Select committee looking for ways to protect customers from skyrocketing rates
By Judith Kohler
As Colorado legislators and officials from the state’s regulated utilities sorted through ways to avoid a repeat of this winter’s huge increases in heating bills, one lawmaker asked how to square the soaring rates for customers with reports of big profits for the companies.
“Why are we simultaneously living in a time when people are struggling the most to pay their energy bill and at the same time the utilities are making the most profits they’ve ever made?” asked Senate President Steve Fenberg, chairman of the Joint Select Committee on Rising Utility Rates.
“I think why we’re here today is that sort of disconnect, at least the way it feels in the average person’s mind,” Fenberg said in a hearing Tuesday, the committee’s second.
Starting late last year, utility customers across Colorado saw their heating bills spike, many at least doubling from the previous year. Natural gas bills shot up after the wholesale prices that utility companies pay rose substantially.
The committee of Senate and House members is investigating the steep jump in heating bills prices that unleashed a torrent of complaints on elected officials, utility companies and regulators.
Agencies that help people with their energy bills were flooded with calls.
The bipartisan committee’s goal is to recommend legislation or other steps to prevent future price shocks.
Staffers from the Colorado Public Utilities Commission and the state Office of the Utility Consumer Advocate spoke last week in the committee’s first hearing. Cold weather and high wholesale natural prices were major drivers behind the skyrocketing bills, said Erin O’Neill, the PUC’s chief economist.
Typical gas bills increased about 75% this winter compared to 2021. Electric bills rose about 25%.
Since then, Xcel Energy-Colorado President Robert Kenney said wholesale natural gas prices have dropped and the company has filed notices with the PUC to reduce customers’ rates four times in the past few weeks.
The average residential gas bill has declined roughly 40%, Kenney said in Tuesday’s hearing.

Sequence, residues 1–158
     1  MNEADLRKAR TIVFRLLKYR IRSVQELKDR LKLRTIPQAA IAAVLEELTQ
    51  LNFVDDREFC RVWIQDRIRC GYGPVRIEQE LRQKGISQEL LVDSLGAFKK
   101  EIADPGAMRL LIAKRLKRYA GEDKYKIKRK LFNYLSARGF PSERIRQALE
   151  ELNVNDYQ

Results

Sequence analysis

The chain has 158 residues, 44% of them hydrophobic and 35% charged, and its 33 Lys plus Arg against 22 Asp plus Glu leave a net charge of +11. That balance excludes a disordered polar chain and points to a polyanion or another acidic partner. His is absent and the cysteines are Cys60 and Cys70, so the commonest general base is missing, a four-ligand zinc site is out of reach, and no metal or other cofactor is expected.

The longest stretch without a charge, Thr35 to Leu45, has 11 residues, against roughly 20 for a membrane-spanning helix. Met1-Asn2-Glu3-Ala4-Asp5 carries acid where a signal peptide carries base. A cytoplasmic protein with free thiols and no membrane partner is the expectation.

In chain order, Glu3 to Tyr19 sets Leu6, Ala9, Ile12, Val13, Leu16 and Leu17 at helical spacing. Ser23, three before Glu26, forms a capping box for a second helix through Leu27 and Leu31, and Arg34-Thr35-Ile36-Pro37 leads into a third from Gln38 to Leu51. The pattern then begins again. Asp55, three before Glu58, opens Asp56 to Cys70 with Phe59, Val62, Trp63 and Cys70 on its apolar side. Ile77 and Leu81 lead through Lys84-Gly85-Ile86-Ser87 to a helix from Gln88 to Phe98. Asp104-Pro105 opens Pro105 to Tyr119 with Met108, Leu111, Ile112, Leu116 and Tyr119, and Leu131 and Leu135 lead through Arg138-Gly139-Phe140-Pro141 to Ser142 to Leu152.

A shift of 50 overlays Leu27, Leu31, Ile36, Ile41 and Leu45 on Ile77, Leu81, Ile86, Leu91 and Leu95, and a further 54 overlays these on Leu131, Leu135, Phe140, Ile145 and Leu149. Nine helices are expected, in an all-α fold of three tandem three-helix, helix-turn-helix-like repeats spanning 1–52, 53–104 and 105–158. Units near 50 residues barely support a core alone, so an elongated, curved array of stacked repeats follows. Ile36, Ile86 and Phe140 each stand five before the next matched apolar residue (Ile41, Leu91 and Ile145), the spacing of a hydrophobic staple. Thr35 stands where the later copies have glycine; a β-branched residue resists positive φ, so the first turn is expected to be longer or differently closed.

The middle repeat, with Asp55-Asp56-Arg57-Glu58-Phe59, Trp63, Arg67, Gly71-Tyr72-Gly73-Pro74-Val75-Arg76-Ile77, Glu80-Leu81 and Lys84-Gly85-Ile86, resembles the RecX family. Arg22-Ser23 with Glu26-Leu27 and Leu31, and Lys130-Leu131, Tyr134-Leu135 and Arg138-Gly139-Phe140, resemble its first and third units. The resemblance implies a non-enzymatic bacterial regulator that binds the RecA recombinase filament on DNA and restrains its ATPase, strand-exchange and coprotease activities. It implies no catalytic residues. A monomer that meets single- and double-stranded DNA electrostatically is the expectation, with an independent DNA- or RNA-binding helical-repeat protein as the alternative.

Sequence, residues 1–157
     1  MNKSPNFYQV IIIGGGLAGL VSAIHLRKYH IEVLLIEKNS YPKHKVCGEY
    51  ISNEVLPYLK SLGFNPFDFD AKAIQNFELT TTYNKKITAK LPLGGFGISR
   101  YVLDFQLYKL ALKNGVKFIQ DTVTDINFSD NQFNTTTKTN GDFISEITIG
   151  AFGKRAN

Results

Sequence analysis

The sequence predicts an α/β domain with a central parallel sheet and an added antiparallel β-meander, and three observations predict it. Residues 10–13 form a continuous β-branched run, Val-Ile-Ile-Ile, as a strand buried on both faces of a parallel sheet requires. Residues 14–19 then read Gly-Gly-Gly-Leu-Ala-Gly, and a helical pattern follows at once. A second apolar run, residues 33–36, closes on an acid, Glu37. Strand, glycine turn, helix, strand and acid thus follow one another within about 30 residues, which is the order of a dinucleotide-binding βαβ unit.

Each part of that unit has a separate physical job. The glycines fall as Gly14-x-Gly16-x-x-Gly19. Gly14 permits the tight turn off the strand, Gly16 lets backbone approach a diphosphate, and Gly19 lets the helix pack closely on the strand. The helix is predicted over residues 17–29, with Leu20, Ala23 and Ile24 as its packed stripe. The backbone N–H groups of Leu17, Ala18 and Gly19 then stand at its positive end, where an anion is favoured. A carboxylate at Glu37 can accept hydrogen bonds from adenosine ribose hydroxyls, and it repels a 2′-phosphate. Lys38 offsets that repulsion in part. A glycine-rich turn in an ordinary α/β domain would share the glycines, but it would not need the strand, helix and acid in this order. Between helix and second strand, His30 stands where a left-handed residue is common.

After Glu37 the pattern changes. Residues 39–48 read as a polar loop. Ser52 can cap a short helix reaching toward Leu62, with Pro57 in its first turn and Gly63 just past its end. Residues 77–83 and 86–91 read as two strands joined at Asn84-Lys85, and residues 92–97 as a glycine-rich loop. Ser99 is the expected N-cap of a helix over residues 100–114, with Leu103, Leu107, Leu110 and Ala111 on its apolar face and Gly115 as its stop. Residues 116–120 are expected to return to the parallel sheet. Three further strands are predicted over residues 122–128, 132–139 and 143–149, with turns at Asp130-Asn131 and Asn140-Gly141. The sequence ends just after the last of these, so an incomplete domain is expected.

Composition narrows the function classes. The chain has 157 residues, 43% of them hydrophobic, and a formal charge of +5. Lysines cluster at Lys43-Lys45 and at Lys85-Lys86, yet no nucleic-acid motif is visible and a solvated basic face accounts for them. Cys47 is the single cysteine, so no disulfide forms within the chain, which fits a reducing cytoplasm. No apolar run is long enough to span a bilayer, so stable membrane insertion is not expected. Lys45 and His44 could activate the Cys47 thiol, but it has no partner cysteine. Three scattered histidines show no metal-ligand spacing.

Regulated utilities like Xcel pass through fuel price increases and decreases to customers. They don’t make a profit off higher fuel prices.
However, the utilities can request rate increases and are allowed to cover such costs as building new power plants and pipelines, maintaining equipment and other operating expenses.
And the PUC authorizes a certain rate of return on utilities’ assets, return on equity.
Xcel Energy in particular has come under fire for its reported profits as inflation has driven up energy and food costs.
Xcel Energy, which is based in Minneapolis and serves eight states, reported $1.74 billion in profits for 2022, up 8.75% from 2021.
The company’s net profits in Colorado were $727 million, up from $660 million in 2021.
Kenney and Nick Wagner, a vice president with Black Hills Energy, said utilities compete with other companies to raise money to pay for infrastructure and to cover expenses.
“What we do takes a significant amount of money. There is competition in the market,” Wagner said.
Kenney said a utility’s ability to attract investors allows it to provide safe, reliable service and make the transition to more renewable energy. “It’s that very ability to attract capital at favorable rates that allows us to be able to implement the policies that we’ve all said we prioritize.”
Kenney and Wagner said the ability for utilities to recover the costs of securing additional underground storage for natural gas would help blunt the impact of price spikes because they could buy more fuel when prices are low.
Another strategy would be approval of multiyear rate increases, which would provide more certainty and result in fewer rate cases at the PUC, Kenney said.
Last year, the PUC rejected a proposal to approve gas rate increases over three years. There was concern about increases based on projected rather than historic costs.
“There are tests that you can do in the subsequent years to make sure that the utility is not over-earning. We proposed earning tests,” Kenney said.
“Oversight is absolutely not lost and that’s not the purpose of a multiyear rate plan at all.”
Xcel Energy is exploring a new approach called an energy navigator program to provide more personal attention to customers struggling to pay their bills. Kenney said the idea is to work with community organizations to ensure people know about the available resources, including different payment plans.
“One of things that we’ve heard is part of the reason we haven’t seen the maximum amount of participation in our programs is because people don’t know how to navigate or connect with these different programs,” Kenney said.